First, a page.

We will meet at 5pm before the meeting in mass at the sidewalk of 1925 Brickell Avenue as we do every afternoon to invite everyone to participate in this meeting. Please share this information with everyone you know. We need as many people as possible so we can show our Commissioner that the majority of the residents do not want the trees removed unnecessarily.

Please share this our Facebook with everyone you know. There is a link there to sign the online petition: https://www.facebook.com/brickellunites

September 13, 2013 2:04 PM  
Anonymous Charles Corda said...

.."unfortunately many of the people who signed the petition were not only misinformed, but mislead."

This is Sarnoff's Standard Response when anyone questions his actions.. Seems like the entire City is "Misinformed and Mislead" on just about everything Sarnoff touches.. Hmm ..makes me wonder who is actually "mislead and misinformed.."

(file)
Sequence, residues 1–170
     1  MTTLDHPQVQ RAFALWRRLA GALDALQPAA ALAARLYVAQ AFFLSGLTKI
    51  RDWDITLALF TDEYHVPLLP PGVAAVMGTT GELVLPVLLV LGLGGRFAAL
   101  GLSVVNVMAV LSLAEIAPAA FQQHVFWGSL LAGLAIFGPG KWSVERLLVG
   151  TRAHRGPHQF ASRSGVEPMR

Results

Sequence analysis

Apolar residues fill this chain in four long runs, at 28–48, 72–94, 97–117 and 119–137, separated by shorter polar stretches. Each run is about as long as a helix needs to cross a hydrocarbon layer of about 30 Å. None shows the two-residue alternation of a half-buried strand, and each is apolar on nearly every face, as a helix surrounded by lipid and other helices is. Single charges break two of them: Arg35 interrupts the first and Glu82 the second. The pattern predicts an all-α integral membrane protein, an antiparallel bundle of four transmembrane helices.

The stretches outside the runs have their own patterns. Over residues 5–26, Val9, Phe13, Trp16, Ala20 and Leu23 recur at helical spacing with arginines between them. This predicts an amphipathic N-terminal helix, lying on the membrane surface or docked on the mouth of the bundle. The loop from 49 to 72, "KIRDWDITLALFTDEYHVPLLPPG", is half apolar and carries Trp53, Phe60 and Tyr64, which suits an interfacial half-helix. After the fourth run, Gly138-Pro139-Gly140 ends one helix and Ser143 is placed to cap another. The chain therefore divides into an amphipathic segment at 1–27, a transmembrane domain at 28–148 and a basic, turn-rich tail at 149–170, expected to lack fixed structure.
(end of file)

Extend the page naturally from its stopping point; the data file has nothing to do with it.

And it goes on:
September 13, 2013 3:39 PM  
Anonymous Anonymous said...

Tree removal-conspiracy-Sarnoff-hate-mislead; what kinds of folks
constantly react with such negative vile when afforded the opportunity? Bullies & cowards. If this is a conspiracy to do good then that's good, right?

September 14, 2013 11:03 AM  
Anonymous Anonymous said...

Have they considered pollarding the weak trees?This is done in Europe to mature trees. The idea is to severely cut back the canopy. Regrowth of new branches is rapid. This reduces the sail effect. I do this to the trees on my property in Minnesota. I cut an oak back to the main trunk because of diseased limbs, which was caused by severe crowding. Darwinism means only one big tree survives, so the other one is made smaller, but it is still forty feet tall, instead of sixty. It will now always be junior to the bigger tree, so both get enough air and light.